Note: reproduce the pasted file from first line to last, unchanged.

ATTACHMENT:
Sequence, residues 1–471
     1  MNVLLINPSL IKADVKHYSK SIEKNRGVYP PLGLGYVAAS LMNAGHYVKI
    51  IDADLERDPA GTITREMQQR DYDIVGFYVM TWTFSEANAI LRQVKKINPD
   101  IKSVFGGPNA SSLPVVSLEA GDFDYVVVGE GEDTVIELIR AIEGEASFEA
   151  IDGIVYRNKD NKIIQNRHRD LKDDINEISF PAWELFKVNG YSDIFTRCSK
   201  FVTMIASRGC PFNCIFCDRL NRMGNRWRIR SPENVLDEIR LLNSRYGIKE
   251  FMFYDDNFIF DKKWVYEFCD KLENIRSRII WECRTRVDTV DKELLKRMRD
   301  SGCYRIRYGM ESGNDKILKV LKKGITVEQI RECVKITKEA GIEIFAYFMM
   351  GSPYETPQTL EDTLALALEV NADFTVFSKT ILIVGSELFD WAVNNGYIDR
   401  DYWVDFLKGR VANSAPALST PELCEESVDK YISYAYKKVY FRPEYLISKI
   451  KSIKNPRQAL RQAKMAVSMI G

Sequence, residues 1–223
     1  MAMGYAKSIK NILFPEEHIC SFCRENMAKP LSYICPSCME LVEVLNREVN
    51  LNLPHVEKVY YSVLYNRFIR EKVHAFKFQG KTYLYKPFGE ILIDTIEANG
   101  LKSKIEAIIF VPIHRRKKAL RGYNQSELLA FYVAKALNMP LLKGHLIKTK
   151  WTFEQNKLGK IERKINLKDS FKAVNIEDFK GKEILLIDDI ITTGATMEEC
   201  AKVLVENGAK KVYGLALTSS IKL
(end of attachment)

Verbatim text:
Sequence, residues 1–471
     1  MNVLLINPSL IKADVKHYSK SIEKNRGVYP PLGLGYVAAS LMNAGHYVKI
    51  IDADLERDPA GTITREMQQR DYDIVGFYVM TWTFSEANAI LRQVKKINPD
   101  IKSVFGGPNA SSLPVVSLEA GDFDYVVVGE GEDTVIELIR AIEGEASFEA
   151  IDGIVYRNKD NKIIQNRHRD LKDDINEISF PAWELFKVNG YSDIFTRCSK
   201  FVTMIASRGC PFNCIFCDRL NRMGNRWRIR SPENVLDEIR LLNSRYGIKE
   251  FMFYDDNFIF DKKWVYEFCD KLENIRSRII WECRTRVDTV DKELLKRMRD
   301  SGCYRIRYGM ESGNDKILKV LKKGITVEQI RECVKITKEA GIEIFAYFMM
   351  GSPYETPQTL EDTLALALEV NADFTVFSKT ILIVGSELFD WAVNNGYIDR
   401  DYWVDFLKGR VANSAPALST PELCEESVDK YISYAYKKVY FRPEYLISKI
   451  KSIKNPRQAL RQAKMAVSMI G

Sequence, residues 1–223
     1  MAMGYAKSIK NILFPEEHIC SFCRENMAKP LSYICPSCME LVEVLNREVN
    51  LNLPHVEKVY YSVLYNRFIR EKVHAFKFQG KTYLYKPFGE ILIDTIEANG
   101  LKSKIEAIIF VPIHRRKKAL RGYNQSELLA FYVAKALNMP LLKGHLIKTK
   151  WTFEQNKLGK IERKINLKDS FKAVNIEDFK GKEILLIDDI ITTGATMEEC
   201  AKVLVENGAK KVYGLALTSS IKL